Jurors milled about the small building, relieved of their duty after only an hour.
The 29-year-old Xerox representative was supposed to stand trial for illegally possessing an alligator, a Class C misdemeanor.
He accepted a deal instead, and if he doesn’t violate any Texas Parks and Wildlife regulations and completes 20 hours of community service at the Texas Zoo, his case will be dismissed in 90 days.
“I was sweating bullets,” Cobble said. “It was a small fine, but that fine would have stopped me from doing something I wanted to do my whole life and from helping people.”
That something is earning an alligator nuisance control permit.
While a complaint about a nuisance alligator must first be sent to game wardens, permittees are allowed to contract with landowners to remove and sell them.
Prospective permittees are required to attend training and pass an exam.
One cannot obtain such a permit if convicted of a Class C misdemeanor, Cobble said.
Cobble was fishing at the Riverside Park duck pond June 24 when he noticed another fisherman hook a 6-foot, 9-inch alligator.
Children were nearby, and the entangled alligator could die or hurt someone trying to free itself, so Cobble decided to intervene.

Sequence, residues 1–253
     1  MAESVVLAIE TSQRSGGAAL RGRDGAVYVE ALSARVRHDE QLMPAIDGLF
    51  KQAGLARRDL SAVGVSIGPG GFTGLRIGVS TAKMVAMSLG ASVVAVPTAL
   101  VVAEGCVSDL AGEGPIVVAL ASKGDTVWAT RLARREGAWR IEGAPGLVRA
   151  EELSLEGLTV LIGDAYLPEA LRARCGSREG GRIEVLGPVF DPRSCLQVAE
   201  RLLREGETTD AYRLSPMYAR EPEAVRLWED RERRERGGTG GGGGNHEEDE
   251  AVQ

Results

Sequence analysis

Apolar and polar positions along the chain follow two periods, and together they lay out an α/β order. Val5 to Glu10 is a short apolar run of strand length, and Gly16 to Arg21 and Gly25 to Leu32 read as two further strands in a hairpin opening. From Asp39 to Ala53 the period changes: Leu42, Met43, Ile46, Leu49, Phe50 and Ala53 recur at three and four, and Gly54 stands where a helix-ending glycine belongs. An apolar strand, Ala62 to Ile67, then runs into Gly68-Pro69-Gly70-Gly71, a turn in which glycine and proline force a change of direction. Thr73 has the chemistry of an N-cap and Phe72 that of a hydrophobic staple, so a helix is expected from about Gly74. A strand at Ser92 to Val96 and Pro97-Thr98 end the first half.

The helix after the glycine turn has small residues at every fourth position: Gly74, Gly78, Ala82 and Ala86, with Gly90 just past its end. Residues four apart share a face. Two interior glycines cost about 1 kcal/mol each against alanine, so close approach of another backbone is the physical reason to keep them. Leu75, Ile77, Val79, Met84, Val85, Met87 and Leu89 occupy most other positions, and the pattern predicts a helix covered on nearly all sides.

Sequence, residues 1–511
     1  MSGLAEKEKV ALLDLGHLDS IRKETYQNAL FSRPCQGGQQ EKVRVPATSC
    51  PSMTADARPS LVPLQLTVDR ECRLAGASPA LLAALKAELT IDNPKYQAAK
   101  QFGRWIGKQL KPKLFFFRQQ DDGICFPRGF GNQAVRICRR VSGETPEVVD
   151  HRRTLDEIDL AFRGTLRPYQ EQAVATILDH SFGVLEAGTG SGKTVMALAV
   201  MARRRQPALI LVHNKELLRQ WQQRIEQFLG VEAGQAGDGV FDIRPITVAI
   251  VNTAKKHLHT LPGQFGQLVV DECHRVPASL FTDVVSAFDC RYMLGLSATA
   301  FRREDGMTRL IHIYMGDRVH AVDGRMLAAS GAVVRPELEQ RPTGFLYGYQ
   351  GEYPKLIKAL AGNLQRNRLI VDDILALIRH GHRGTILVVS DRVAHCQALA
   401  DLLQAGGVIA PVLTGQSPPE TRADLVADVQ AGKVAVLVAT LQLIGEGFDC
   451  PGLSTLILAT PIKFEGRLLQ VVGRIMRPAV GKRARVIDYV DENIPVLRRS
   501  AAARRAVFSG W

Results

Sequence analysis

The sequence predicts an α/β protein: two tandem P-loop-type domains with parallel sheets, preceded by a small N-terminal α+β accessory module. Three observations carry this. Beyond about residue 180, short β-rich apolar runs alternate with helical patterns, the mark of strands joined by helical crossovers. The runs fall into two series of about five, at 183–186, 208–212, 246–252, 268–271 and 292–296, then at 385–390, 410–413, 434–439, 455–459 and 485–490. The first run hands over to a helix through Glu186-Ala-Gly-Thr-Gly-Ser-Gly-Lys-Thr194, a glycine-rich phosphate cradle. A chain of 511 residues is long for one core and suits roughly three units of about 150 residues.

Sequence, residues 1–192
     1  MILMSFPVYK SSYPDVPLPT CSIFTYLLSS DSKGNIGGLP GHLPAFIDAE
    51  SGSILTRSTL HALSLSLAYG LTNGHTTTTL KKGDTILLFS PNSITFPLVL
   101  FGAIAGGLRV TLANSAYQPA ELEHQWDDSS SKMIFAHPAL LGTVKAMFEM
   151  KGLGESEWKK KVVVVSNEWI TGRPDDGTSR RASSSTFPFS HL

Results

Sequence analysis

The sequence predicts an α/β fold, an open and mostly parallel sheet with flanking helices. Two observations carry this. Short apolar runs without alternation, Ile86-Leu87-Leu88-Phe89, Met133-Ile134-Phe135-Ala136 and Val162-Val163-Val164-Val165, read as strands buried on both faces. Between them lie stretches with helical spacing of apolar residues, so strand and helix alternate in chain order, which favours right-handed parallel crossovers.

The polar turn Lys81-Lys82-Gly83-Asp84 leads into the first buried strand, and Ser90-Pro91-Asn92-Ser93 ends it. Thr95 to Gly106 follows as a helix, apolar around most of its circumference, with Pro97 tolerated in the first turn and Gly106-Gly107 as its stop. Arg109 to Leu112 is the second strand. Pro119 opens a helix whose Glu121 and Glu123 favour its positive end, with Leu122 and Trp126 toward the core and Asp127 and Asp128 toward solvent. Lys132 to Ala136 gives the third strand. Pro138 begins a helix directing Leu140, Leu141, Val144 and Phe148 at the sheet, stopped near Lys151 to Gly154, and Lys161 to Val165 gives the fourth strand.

He hopped on its back and used electrical tape to keep its powerful jaws shut.
He removed the hook from its right side and stashed the creature in the back seat of his green Ford F-150 before releasing it at the Guadalupe River kayak entrance on Moody Street.
“It swam off like a torpedo and probably has a long-lasting fear of humans,” he said.
That’s not the first time the Seadrift native has encountered an alligator, either.
An alligator once bit his left hand while fishing.
“The only way I was able to get him off me was to get on top of him and pry his jaws open,” Cobble said.
Another bit Cobble’s foot when he was trudging through some marshland.
Cobble was not fined for the offense.
He surrendered to the Texas Parks and Wildlife game wardens at the Victoria Parks and Recreation Department after the Victoria Advocate published a reader’s photos of his deed.
The game wardens had hired a licensed couple to capture the alligator in the duck pond June 24, but they weren’t able to locate it.
Cobble’s attorney, Mike Crane, said his client never denied possessing the creature and was thankful the state realized it was an emergency situation.
“This was a good way to end it,” Crane said.
Attorney Beatriz Gonzalez represented the state.
“This is not something anybody in the public should do. Leave it to the professionals. I wish I had,” Cobble said.